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National Parks Are Overflowing With Trash and Feces Amid Government Shutdown

News National Parks
by Eben Diskin Jan 3, 2019

The biggest victim of the ongoing US government shutdown is likely the country’s national parks. Due to a lack of rangers and other employees to maintain the grounds, parks are overflowing with trash and feces. On Wednesday, it got so bad in Joshua Tree National Park that the park temporarily closed its campgrounds due to health and safety concerns attributed to overflowing toilets.

Yosemite National Park has experienced similar issues, with over-capacity toilets forcing the closure of campgrounds and snow play areas on Sunday. Along Generals Highway, which runs through Sequoia National Park and Kings Canyon National Park, excess trash caused the road to shut down, and even Washington DC’s National Mall has become littered with garbage.


National parks have endured government shutdowns before, but previously parks had been closed to visitors. This time around, the Trump administration has decided to allow limited visitor access to many parks, even though they’re understaffed to clean up after those visitors. The result is overflowing trash cans, discarded tents and sleds, and stopped-up toilets.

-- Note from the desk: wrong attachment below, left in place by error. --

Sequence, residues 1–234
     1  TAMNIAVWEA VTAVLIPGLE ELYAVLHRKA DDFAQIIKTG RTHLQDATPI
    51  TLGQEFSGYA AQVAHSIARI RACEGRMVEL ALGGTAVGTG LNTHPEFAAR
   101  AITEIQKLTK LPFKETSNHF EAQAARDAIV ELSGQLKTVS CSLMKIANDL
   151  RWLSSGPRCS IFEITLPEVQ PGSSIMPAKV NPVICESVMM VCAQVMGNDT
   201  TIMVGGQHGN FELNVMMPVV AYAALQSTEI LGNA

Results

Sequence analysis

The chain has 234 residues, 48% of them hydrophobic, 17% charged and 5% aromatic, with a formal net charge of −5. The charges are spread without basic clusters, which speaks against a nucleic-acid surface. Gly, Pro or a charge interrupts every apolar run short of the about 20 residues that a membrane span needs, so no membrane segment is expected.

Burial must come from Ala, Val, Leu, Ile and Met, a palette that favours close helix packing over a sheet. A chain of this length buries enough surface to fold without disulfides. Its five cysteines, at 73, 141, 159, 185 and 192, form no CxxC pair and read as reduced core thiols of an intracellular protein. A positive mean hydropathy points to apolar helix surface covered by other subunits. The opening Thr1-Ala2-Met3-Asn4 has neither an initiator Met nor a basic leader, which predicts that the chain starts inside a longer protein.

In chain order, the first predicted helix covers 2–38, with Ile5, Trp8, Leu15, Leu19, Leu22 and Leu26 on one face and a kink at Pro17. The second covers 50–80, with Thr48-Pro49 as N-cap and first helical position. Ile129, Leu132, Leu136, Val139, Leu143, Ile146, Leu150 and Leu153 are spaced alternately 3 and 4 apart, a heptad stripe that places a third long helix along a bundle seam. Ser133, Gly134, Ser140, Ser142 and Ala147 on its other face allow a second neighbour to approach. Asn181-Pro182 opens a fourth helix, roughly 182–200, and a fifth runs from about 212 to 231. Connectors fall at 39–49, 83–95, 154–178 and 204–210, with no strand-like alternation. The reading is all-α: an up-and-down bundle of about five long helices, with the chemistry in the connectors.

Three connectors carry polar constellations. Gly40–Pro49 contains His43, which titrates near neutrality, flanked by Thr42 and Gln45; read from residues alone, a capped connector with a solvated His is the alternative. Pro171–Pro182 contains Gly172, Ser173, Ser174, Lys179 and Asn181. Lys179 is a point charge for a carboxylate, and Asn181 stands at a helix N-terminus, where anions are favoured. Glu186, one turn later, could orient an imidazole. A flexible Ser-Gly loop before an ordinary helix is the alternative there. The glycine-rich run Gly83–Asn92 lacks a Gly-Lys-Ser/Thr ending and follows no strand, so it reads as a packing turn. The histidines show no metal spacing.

At Joshua Tree, volunteers have stepped in to help clear some of the mess. In DC, the Department of Public Works is even taking over cleanup from the National Park Service.


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Une publication partagée par Friends Of Joshua Tree (@joshuatreefriends) le

If you do decide to visit a national park during the shutdown, bring your own trash home, clean up after yourself, and don’t make the problem worse.

H/T: Business Insider

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